Foods That Seem Vegetarian – Surprising Animal-Based Products in Everyday Foods
From conventional cuisine to niche diets, the path of vegetarianism can be difficult to navigate. As a writer and vegetarian myself, I’ve been present more than once to watch an unsuspecting vegetarian discover a favorite dish that might seem vegetarian, but actually contains an animal-derived product they weren’t aware of.
This article aims to explore several everyday foods that at first instinct might seem vegetarian, but which actually contain ingredients of animal origin. Not everyone agrees on what should and shouldn’t be considered vegetarian, so remember that you’re in control of what you eat and can label your diet however you’d like.
Foods That Seem Vegetarian But Aren’t Always
Let’s kick things off with an absolute classic – the seemingly benign bagel. What could be more vegan-friendly than bread, right? While bagels in their basic form (water, flour, yeast, and salt) are indeed vegetarian, several commercially made bagels contain L-cysteine as a dough conditioner. L-cysteine is sometimes sourced from feathers or animal hair, making it far from vegetarian.
Interestingly, hair and feathers are actually considered vegetarian by some (in the same way eggs are vegetarian to some), so if you want to avoid this product, reading the ingredient list to ensure the L-cysteine is not animal-based is your best option.
The same goes for some of your favorite cheeses. While cheese is technically vegetarian, many varieties employ an enzyme called rennet during production. This enzyme, crucial in turning milk into cheese, is traditionally derived from the stomachs of newly weaned calves. Parmesan, Gorgonzola, and Pecorino Romano are just a few examples of cheeses that use animal rennet. Be sure to check the labels or ask your cheese purveyor to ensure you’re buying a vegetarian-friendly version.
It’s not just savory dishes that harbor hidden animal-derived products. Sweet treats like gummy bears are an example of this. While their bright colors and sweet taste might seem innocuous, they are made using gelatin, derived from collagen in animal bones and skins. The same goes for marshmallows, some frosted cereals, and certain candies.
Some vegetarian gelatin products are starting to be sold more publicly.
Next, let’s address a mainstay in many people’s diets – the humble French fry. While the basic ingredients are potatoes and oil, several fast-food restaurants season their fries with natural beef flavoring. This means that, in some cases, the crispy golden fries you adore are not vegetarian.
You may be surprised to learn that some beers and wines are technically not vegetarian. These drinks often undergo a process known as “fining” to remove sediments and clarify the product. The agents used for this process may include gelatin, egg whites, fish bladder protein (isinglass), and casein. This is also true for some fruit juices, which use these ingredients to remove cloudiness.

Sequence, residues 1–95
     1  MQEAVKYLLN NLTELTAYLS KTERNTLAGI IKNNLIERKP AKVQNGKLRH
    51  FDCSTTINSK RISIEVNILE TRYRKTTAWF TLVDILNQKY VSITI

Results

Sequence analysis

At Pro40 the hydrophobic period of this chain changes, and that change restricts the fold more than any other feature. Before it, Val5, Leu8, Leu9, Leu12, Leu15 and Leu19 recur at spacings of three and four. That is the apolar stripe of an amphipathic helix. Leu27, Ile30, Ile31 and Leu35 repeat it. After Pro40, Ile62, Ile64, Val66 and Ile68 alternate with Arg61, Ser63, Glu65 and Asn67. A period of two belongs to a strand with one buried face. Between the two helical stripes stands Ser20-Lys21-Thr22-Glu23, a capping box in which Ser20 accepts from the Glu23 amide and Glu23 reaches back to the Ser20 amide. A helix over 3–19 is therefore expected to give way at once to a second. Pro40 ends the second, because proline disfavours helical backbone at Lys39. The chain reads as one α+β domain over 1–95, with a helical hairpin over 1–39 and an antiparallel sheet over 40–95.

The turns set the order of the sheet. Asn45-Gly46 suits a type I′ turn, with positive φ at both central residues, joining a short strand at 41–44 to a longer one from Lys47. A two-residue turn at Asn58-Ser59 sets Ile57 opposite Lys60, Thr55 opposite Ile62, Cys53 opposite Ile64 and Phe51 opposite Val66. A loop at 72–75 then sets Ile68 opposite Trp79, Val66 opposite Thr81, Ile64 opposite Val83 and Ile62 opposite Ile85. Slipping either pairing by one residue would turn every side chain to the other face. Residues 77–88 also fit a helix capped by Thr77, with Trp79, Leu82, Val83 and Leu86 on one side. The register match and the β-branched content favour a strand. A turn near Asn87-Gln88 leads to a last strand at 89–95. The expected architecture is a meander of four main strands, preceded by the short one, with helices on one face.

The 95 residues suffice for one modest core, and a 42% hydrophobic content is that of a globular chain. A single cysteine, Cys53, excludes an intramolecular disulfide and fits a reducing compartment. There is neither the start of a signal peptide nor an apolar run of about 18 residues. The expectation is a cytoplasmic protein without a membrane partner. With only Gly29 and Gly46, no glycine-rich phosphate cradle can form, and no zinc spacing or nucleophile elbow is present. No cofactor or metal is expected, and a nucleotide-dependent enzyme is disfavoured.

Bentonite is one vegan fining alternative.
A less surprising inclusion on this list is refried beans – which at this point, many vegetarians are aware contain an animal-based product. Many pre-made or restaurant versions are traditionally cooked with lard, a rendered form of pig fat. It’s always worth asking about the ingredients when dining out, or checking the label when buying from the store.
Similarly, some brands of vegetable soup are not as vegetarian as they appear. While vegetables are the star ingredient, the base may be chicken or beef stock.
Finally, let’s talk about Worcestershire sauce, a staple in many kitchens. The tangy, umami-packed condiment is actually made with anchovies. This also applies to Caesar salad dressing, which typically contains Worcestershire sauce or anchovies in its original recipe.
Final Word: Foods That Seem Vegetarian
These surprising inclusions highlight the importance of understanding where your food comes from and what it contains. With growing numbers of people opting for vegetarian or plant-based diets for ethical, health, or environmental reasons, it is ever more crucial for food producers, restaurants, and consumers to be aware and transparent about ingredients.
Remember that while this article points out some non-vegetarian foods, there are often vegetarian or vegan alternatives. Also, you may not mind eating some of these foods, depending on how you think about your vegetarianism and your principles.
We try to avoid gatekeeping “real” and “fake” vegetarians. We don’t consider you less of a vegetarian because you eat gummy bears, for example. If you want to avoid animal products altogether for personal or ethical reasons, though, learning to look for and avoid these ingredients may be important to you.